Angus MacFadyen and his sons Colin and Allan work with their sheep on Bragleenmore farm Oband, Scotland on February 20, 2018.
Jeff J Mitchell | Getty Images
Britain’s National Farmers Union wrote to Prime Minister Boris Johnson on Friday calling for import tariffs on eggs, some dairy products, horticultural products and grains if Britain leaves the European Union without a trade deal.
British agricultural exports to the EU are expected to face tariffs under a no-deal scenario, but in March the government under then Prime Minister Theresa May announced a plan to eliminate tariffs on many imports, including some dairy products and agricultural products, to avoid a so-called hard border with Ireland.
“There is no indication that such an arrangement will be reciprocated by the EU and there is nothing in practical terms to stop this trade becoming an open gateway for all EU goods entering the UK duty free,” NFU president Minette Batters said in a statement.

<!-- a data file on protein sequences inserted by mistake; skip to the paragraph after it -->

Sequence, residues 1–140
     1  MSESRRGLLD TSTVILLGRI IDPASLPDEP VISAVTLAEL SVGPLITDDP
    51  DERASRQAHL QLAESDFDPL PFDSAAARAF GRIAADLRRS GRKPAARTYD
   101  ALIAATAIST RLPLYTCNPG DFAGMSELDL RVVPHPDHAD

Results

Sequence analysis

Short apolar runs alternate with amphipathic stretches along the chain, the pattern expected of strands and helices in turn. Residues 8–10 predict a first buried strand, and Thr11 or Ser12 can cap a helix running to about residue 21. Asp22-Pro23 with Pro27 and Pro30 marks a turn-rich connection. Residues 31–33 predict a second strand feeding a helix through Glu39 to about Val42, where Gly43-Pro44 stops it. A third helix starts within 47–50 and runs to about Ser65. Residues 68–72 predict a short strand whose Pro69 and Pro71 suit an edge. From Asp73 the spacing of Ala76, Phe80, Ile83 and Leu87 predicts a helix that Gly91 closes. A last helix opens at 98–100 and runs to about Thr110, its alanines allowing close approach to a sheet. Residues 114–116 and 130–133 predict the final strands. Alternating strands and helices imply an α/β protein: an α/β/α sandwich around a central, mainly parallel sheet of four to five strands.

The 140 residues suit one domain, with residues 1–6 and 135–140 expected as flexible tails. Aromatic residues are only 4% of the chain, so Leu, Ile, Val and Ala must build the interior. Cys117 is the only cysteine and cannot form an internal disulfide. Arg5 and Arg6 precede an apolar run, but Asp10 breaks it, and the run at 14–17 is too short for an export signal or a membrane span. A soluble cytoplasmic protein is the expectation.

Export tariffs on agricultural goods would most likely lead to a surplus of domestic products on the UK market, she said, while at the same time lower or no tariffs on imports would put further downward pressure on domestic producer prices.
The farming group also asked the government to review its plan not to impose tariffs on the land border with Ireland if it leaves the trading bloc without a deal on Oct. 31.
A no-deal Brexit would be a disaster for British farming and any exit from the EU must be smooth and orderly, she said.
“If we leave without a deal the sudden change in our trading relationship with the EU will have severe impacts on the UK food and farming sectors, not least due to the tariff treatment of both imports and exports,” she said.
Batters said the government should revise its tariff regime to lessen the damage no-deal would inflict on UK farming.
“It is also important that government manages prices for the public in a no-deal scenario – these tariff arrangements will have little impact on retail food prices yet could have a massive impact on the viability of farm businesses,” she said.